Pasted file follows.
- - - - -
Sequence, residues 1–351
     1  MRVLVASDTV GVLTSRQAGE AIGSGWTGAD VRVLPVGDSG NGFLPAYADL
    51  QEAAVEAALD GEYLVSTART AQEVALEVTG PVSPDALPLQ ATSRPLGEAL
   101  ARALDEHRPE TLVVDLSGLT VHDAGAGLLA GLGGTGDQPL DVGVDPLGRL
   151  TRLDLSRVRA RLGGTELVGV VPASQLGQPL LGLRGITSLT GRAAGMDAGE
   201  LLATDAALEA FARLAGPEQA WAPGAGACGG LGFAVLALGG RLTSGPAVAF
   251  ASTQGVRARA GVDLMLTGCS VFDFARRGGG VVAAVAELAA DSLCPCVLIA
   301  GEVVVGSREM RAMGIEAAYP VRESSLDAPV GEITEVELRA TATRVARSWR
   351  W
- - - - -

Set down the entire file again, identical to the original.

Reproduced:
Sequence, residues 1–351
     1  MRVLVASDTV GVLTSRQAGE AIGSGWTGAD VRVLPVGDSG NGFLPAYADL
    51  QEAAVEAALD GEYLVSTART AQEVALEVTG PVSPDALPLQ ATSRPLGEAL
   101  ARALDEHRPE TLVVDLSGLT VHDAGAGLLA GLGGTGDQPL DVGVDPLGRL
   151  TRLDLSRVRA RLGGTELVGV VPASQLGQPL LGLRGITSLT GRAAGMDAGE
   201  LLATDAALEA FARLAGPEQA WAPGAGACGG LGFAVLALGG RLTSGPAVAF
   251  ASTQGVRARA GVDLMLTGCS VFDFARRGGG VVAAVAELAA DSLCPCVLIA
   301  GEVVVGSREM RAMGIEAAYP VRESSLDAPV GEITEVELRA TATRVARSWR
   351  W